It features two PCI-E 3.0 x16 slots (x16/x8 or x8/x8), two PCI-E 2.0 x1 slots, and two legacy PCI slots. For storage, the motherboard has four SATA III 6Gbps ports (RAID 0/1/5/10) and several USB headers.
Rear panel IO includes:
- 1 x PS/2
- 1 x eSATA
- 1 x eSATA/USB
- 2 x USB 2.0
- 4 x USB 3.0
- 1 x Gigabit Ethernet
- 1 x VGA
- 2 x Thunderbolt
- 5 x Analog audio jacks
- 1 x S/PDIF optical audio port
- 1 x HDMI
Thanks to the two Thunderbolt ports on the rear IO panel, the new ASRock motherboard can support up to 12 devices (with passthrough ports) and two DisplayPort displays. That's a lot of Thunderbolt gear!
Unfortunately, there is no word yet on pricing or when the motherboard will be available for purchase.
Read more about Intel’s Thunderbolt technology at PC Perspective.
Subject: General Tech | October 23, 2012 - 10:50 AM | Tim Verry
Tagged: trinity, motherboard, mATX, gigabyte, fm2, APU
Gigabyte recently unveiled a low-cost micro ATX form factor motherboard for Trinity APUs called the F2A75M-HD2. The motherboard is aimed at low cost home theater and small form factor builds using AMD’s Trinity APUs. It measures 225 x 174 mm and offers up a number of features despite the small size. The board itself features the FM2 processor socket, two DDR3 DIMM slots (up to 32GB DDR3 1866Mhz), and a 5-phase VRM feeding the APU power. It also features Gigabyte’s dual BIOS chip technology and a UEFI BIOS.
Internal I/O includes one PCI-E 2.0 x16 slot, one PCI-E 2.0 x1 slot, and one legacy PCI slot. Four SATA III 6Gbps ports are available, and the A75 chipset supports RAID 0, 1, and 10. Two USB 2.0 and two USB 3.0 headers are also available on the board for expansion.
Rear I/O of the Gigabyte F2A75M-HD2 motherboard includes:
- 2 x USB 3.0
- 1 x DVI
- 1 x HDMI
- 1 x VGA
- 2 x USB 2.0
- 3 x Analog audio jacks
- 1 x PS/2 port
- 1 x Gigabit Ethernet jack
While no specific availability date or MSRP was announced, you can expect this micro ATX Trinity-powered motherboard to be available soon for around $70 USD.
Read more about Gigabyte's FM2 motherboard lineup at PC Perspective.
Introduction and Technical Specifications
Courtesy of ASUS
It's been a couple months since we've had a chance to evaluate a Z77-based motherboard, so we are taking this opportunity to throw ASUS's P8Z77-V Deluxe on our test bench to put it through our comprehensive real-world and synthetic benchmarks. This $279 board has been available for several months and supports the LGA 1155 platform that includes Sandy Bridge and Ivy Bridge processors.
Courtesy of ASUS
There are many features to drool over about the ASUS P8Z77-V Deluxe, but my favorite ones include the board's unique power management features, Wi-Fi functionality with remote access, and customized UEFI BIOS. This board also includes other enhancements that focus on support for faster USB 3.0 and PCIe 3.0 integration as well as extra SATA 6GB/s ports that provide double the bandwidth of current bus systems.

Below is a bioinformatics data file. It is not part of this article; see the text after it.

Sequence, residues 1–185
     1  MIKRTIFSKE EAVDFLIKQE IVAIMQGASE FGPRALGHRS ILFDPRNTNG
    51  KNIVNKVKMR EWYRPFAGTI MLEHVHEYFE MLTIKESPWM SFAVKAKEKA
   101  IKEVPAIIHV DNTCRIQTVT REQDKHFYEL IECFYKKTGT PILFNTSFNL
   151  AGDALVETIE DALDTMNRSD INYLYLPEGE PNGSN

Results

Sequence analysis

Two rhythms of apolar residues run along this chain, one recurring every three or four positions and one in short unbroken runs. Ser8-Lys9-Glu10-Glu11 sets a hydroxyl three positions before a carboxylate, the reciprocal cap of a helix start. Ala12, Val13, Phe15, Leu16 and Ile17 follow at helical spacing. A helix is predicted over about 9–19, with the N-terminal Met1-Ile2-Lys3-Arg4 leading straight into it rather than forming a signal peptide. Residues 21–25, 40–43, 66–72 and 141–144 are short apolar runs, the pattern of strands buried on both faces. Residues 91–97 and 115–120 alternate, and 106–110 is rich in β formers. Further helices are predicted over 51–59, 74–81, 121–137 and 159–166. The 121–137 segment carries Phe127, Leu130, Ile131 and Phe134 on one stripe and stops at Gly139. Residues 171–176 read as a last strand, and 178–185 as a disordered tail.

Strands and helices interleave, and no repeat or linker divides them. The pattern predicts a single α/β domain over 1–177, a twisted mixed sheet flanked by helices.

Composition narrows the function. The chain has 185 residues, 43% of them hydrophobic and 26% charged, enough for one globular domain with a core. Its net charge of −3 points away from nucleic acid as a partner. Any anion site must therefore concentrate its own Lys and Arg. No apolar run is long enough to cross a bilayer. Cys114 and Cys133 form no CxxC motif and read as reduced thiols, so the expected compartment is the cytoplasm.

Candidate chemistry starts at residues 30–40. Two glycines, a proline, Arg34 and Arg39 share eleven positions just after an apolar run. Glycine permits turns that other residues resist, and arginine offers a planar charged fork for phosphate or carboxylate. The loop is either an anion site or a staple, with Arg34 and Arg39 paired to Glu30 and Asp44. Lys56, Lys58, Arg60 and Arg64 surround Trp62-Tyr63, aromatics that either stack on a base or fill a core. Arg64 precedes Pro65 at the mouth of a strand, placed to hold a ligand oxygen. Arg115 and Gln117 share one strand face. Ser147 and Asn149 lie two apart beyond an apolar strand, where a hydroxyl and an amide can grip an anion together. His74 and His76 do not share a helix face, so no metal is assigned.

Subject: Motherboards | October 3, 2012 - 06:52 AM | Tim Verry
Tagged: trinity, motherboard, gigabyte, fm2, APU
AMD’s latest Trinity APUs launched yesterday, and with that Gigabyte launched its flagship socket FM2 motherboard, the GA-F2A85X-UP4. This board was shown off earlier this year, but now we have all the details. This motherboard is packed with all the Gigabyte technology you would expect from an enthusiast board, and some of the more interesting features include the Ultra Durable 5 capacitors, a digital PWM array, single package IR3550 PowIRStage ICs, and dual APU clock generators to push overclocking of non-K edition processors as far as possible – at least in theory. Also interesting is the inclusion of Lucid’s Virtu MVP GPU virtualization technology, two EFI BIOS chips, switchable graphics, and the ability to crossfire certain 6000-series discrete graphics cards with the GPU in the Trinity APU.
Internal connectivity options include the FM2 socket, four DDR3 DIMM slots (up to 64GB @ 1866MHz), seven SATA 6Gbps ports, one eSATA 6Gbps port, and support for RAID O, 1, 5, 10, and JBOD. Furter, the GA-F2A85X-UP4 supports three PCI-E 2.0 x16 slots. The first slot runs at x16 or x8 if there are two GPUs installed. The second and third slots run at x8 and x4 respectively. Gigabyte has also included three PCI-E 2.0 x1 slots for sounds and networking cards.
Internal IO headers include one CPU fan, four system fans, one S/PDIF, one USB 3.0, four USB 2.0, one serial, one clear CMOS, and one TPM.
Rear I/O on the flagship Trinity motherboard includes:
- 1 x PS/2
- 1 x VGA
- 1 x DVI
- 1 x HDMI
- 1 x DisplayPort
- 1 x S/PDIF
- 4 x USB 3.0
- 2 x USB 2.0
- 1 x eSATA
- 1 x RJ45
- 6 x analog audio jacks
This board is packing a lot of hardware, and the price is right around $130 depending on the retailer. The GA-F2A85X-UP4 is available now. Interestingly Gigabyte has also announced the F2A85XM-D3H based on the same A85X chipset as the flagship F2-A85X-UP4 as well as some lower tier motherboards based on the A75 and A55 chipsets with new FM2 sockets. Unfortunately, these motherboards do not appear to be available yet. If you are interested in those boards (which should cost less), keep an eye out for the F2A75M-D3H, and F2A55M-HD2 – or simply watch PC Perspective’s homepage of course!